IWC

Video: Free the Tokyo Two

Posted by bex — 4 July 2008 at 10:49am - Comments

Our activist friends, Junichi and Toru, are still behind bars: 23 days without charge after exposing a whale meat smuggling scandal.

A huge thanks to all 200,000 plus of you who've written to Japan's prime minister to free them - let's keep up the pressure!

And keep an eye on the latest count, updated hourly:


What happened at the International Whaling Commission 2016 meeting

Posted by Willie — 28 October 2016 at 3:48pm - Comments
Image of a whale's fluke (tail)
All rights reserved. Credit: Greenpeace

The International Whaling Commission meeting 2016 has just come to a close. Delegates from 64 countries spent a week discussing and debating whales, in Potoroz, Slovenia.
Greenpeace’s international team was there, and here’s a quick roundup of what happened.

Vaquita porpoise takes centre stage at Whaling Commission meeting.

Posted by Willie — 27 October 2016 at 3:25pm - Comments
Image of vaquita porpoise
All rights reserved. Credit: Tom Jefferson

Big news for a little porpoise.

Something big just happened for the tiny vaquita porpoise at the International Whaling Commission (IWC) meeting. The diminutive porpoise was the subject of a resolution, passed by all the countries present, urging concerted international cooperation to save the species from extinction.

Whale Fail – no new sanctuary in the South Atlantic (again).

Posted by Willie — 25 October 2016 at 9:51am - Comments
All rights reserved. Credit: Twitter

Bad news from the 2016 International Whaling Commission meeting – as the first significant vote was another disappointment for whales and supporters of conservation. Despite getting a majority of votes in favour, the proposal to create a South Atlantic Whale Sanctuary did not pass, because it was short of the three-quarters majority needed.

10 good reasons to protect whales

Posted by Willie — 21 October 2016 at 12:42pm - Comments
All rights reserved. Credit: Kate Davison

Killing whales for food has been happening for millennia. But it was commercial whaling – turning whales into barrels of oil for profit – that led to the wholesale destruction of most of the world’s populations of big whales.

Why is everyone talking about whale poo?

Posted by Willie — 20 October 2016 at 3:55pm - Comments
All rights reserved. Credit: Paul Hilton

Whales are special. No, not for any stereotypical hippy la-la reasons, this is *science*!

Healthy oceans need lots of healthy whale populations: they keep things in balance, help disperse and mix nutrients, support entire ecosystems and help fight climate change.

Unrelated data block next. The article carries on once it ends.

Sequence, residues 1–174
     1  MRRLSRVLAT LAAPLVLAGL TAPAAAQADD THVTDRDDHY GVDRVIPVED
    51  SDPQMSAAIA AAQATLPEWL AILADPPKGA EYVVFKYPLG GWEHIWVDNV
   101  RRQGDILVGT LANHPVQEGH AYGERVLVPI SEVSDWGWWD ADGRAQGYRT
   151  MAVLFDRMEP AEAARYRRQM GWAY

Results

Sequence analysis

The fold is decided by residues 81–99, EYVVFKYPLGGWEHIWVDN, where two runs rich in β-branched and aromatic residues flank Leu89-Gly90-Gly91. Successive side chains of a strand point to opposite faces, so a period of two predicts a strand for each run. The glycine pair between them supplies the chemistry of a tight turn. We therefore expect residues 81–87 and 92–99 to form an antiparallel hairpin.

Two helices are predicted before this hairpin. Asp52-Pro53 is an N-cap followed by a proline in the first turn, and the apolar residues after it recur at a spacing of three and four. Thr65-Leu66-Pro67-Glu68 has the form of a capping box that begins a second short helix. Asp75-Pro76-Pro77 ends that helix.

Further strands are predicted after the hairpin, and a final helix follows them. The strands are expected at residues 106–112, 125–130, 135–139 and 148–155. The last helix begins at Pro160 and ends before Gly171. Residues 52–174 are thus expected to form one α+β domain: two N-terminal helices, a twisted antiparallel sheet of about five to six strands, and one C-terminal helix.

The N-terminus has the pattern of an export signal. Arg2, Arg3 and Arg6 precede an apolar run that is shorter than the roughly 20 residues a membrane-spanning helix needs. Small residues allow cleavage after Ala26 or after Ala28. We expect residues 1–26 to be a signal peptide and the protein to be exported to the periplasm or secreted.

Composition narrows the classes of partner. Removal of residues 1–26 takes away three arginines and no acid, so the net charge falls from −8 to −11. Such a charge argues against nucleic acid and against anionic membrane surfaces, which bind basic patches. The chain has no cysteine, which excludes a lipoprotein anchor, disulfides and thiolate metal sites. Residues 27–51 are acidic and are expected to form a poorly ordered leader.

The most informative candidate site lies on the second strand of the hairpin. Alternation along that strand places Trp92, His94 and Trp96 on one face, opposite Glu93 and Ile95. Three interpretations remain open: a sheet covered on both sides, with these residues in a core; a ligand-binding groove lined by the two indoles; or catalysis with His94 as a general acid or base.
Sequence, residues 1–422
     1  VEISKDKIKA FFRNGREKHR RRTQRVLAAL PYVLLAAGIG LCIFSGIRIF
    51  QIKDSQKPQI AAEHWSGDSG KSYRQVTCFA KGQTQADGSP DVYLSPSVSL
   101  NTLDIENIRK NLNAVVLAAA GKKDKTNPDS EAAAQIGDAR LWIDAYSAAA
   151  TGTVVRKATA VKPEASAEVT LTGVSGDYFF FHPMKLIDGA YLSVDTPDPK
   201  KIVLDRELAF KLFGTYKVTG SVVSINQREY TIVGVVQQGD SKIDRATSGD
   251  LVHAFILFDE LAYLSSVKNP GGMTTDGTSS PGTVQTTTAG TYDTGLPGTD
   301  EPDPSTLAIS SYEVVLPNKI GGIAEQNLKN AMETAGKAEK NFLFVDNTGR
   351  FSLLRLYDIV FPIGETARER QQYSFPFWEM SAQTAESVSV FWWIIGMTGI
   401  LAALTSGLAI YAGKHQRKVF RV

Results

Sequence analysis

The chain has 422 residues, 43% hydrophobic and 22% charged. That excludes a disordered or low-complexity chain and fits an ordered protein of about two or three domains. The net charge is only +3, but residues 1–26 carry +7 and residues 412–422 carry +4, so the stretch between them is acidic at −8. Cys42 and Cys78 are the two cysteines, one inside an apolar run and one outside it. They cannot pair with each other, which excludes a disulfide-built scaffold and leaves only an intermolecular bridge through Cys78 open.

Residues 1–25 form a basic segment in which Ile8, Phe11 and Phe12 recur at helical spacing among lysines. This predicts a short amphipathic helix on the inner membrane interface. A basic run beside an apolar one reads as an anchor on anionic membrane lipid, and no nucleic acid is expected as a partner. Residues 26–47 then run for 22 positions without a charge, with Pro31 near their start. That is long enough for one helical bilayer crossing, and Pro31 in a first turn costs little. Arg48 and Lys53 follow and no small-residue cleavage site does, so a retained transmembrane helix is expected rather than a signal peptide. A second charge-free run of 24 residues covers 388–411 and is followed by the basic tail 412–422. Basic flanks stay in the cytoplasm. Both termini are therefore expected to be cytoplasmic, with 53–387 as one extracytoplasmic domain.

Surprised? Read on…

Why the South Atlantic should be a sanctuary for whales.

Posted by Willie — 20 October 2016 at 3:34pm - Comments
All rights reserved. Credit: Greenpeace

One of the most significant issues being discussed and voted on at the upcoming International Whaling Commission (IWC) meeting in Slovenia is the call to create a Whale Sanctuary in the South Atlantic. But what is a whale sanctuary? Why does it matter? And what’s so special about the South Atlantic?

A brief history of whales and commercial whaling

Posted by Willie — 20 October 2016 at 2:58pm - Comments
All rights reserved. Credit: Paul Hilton

Commercial whaling devastated the world’s biggest whale species, pushing some of them to the very brink of extinction in the early to mid 20th Century. Whaling for meat, oil, or whalebone was not a new idea, but new explosive harpoons and industrialised factory ships plundering the seas for whales had an even more catastrophic impact than what had come in centuries before.

It was the realisation that catches were declining that led to the creation, by whaling nations, of an organisation that would become the ‘International Whaling Commission’ (IWC).

International Whaling Commission meeting 2016 – what to expect.

Posted by Willie — 20 October 2016 at 1:59pm - Comments
All rights reserved. Credit: Paul Hilton
Sperm Whales in Sri Lanka

Delegations from global governments, and representatives from NGOs are currently on their way to Slovenia for the biennial meeting of the International Whaling Commission meeting – so here’s a quick synopsis of what to expect from the meeting:

Britons overwhelmingly opposed to ending 30 year-old commercial whaling ban

Last edited 20 October 2016 at 10:51am
20 October, 2016

London, October 20: With a 30 year-old international moratorium on hunting whales for profit under threat, new research commissioned by Greenpeace UK shows a large majority of Britons believe the UK government should take a lead in upholding the ban.

A poll by YouGov showed that 91 per cent of people believe whales should continue to have protection from being hunted.

The ban on commercial whaling is likely to be a contentious topic for some governments attending the International Whaling Commission (IWC) meeting in Slovenia which starts today. The UK has historically been a strong supporter of whale conservation in the IWC, and nearly 70 per cent of Britons polled agreed that the UK government should have a prominent role in ensuring the whaling ban is upheld.

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